ØZWALD’s new track “10 pm at the Greyhound Station” hits the hearts of nostalgic wanderlust bipeds who trek amongst the wilderness and urban sprawls alike. There is something sweet and tender for many to appreciate about this song that rings through its steady rhythm and evolving acoustic compass of tight harmonies and thoughtful chord progressions.
This song was composed and produced by Lifehouse members Jason Wade (1995–present) and Steve Stout (2014–present) who started ØZWALD as a side hustle. The band, which was formed over Wade and Stout’s bond of The Beatles, has been prolific since its birth two years prior manifesting three LPs before the one where we find this track.
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“10 pm at the Greyhound Station” is the 10th and last track off the pair’s new record For Polly Anna released December 18. The track sports aesthetically grainy space that for a moment brings Elliott Smith to mind. A rather brooding guitar strumming sits juxtaposed with simple hand percussion and subtle synth leads, ultimately hinting at indie acoustic styles popularized by the likes of Sufjan Stevens and Whitney.
The lyrics seem to speculate on a love interest that comes intermittently but reliably into the writer’s life—perhaps a distance of a Greyhound bus ride away between them drives self and global introspection each time the partners part. “It’s those simple pains that remind us who we are…” The chorus sings thoughts of reassurance for their love even if the world is crumbling. “If I start going, if this world starts falling apart… I know that you’ll be around.”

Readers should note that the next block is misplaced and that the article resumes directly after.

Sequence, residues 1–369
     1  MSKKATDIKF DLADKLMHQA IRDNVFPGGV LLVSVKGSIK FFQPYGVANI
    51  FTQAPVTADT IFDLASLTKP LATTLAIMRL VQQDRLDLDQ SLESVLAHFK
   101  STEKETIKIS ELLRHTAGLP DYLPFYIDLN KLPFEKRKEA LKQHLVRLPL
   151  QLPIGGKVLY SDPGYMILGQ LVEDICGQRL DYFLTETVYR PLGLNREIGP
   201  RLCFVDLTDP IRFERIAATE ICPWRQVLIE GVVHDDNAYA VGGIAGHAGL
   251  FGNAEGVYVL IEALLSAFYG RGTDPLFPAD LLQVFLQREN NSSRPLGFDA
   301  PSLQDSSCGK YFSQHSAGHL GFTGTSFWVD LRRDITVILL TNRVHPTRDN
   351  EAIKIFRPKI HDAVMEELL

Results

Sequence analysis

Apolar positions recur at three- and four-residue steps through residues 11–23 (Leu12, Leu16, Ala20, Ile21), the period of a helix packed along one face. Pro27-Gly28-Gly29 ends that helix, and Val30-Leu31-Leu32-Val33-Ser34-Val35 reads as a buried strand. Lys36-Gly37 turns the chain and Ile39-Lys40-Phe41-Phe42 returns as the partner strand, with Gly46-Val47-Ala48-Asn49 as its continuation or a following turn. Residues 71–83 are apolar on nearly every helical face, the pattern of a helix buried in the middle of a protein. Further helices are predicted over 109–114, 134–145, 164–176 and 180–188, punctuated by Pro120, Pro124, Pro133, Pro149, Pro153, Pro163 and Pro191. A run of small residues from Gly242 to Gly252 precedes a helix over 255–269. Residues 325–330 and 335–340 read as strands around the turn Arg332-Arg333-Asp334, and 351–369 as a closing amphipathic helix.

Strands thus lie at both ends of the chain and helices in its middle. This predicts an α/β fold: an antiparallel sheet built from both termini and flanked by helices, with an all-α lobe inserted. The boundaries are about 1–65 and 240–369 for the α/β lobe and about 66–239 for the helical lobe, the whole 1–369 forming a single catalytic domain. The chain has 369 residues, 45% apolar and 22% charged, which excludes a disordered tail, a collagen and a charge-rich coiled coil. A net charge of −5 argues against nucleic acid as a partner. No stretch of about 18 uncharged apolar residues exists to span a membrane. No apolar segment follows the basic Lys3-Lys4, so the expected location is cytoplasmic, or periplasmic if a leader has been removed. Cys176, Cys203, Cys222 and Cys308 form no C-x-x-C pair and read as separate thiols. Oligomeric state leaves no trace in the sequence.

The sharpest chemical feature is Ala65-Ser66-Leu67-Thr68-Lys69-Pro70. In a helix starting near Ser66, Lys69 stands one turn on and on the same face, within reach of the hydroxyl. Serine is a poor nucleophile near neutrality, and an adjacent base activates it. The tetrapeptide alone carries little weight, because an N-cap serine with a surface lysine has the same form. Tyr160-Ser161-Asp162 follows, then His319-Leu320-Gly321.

Wade and Stout label the album as a “loose narrative of a cast of characters that are intertwined in a bit of a puzzling situation.” Such is in keeping with both musicians’ flair for spontaneity, even describing ØZWALD as a project with “no rules.”
To fully comprehend the complexities of such a statement, beyond interjecting from what the title suggests, one must listen to the whole LP available everywhere music is sold or streamed.
Anjali Rose Kumar is a musician, videographer, and creative freak based in Brooklyn, NYC. Anjali is learning to cope with a self-imposed quarantine in NYC’s second wave of the COVID-19 pandemic by spending her hours recording music in her bedroom, watching her unemployment leave her bank account, and embarking on a newly revived love of writing. In fact, when Anjali was 10 years old she was convinced she would live her life as a writer, however, she would often confuse her teachers by making up her own vocabulary and therefore buried the interest for 15 years. Cheers to the new years ahead of us. You can find out more about Anjali here.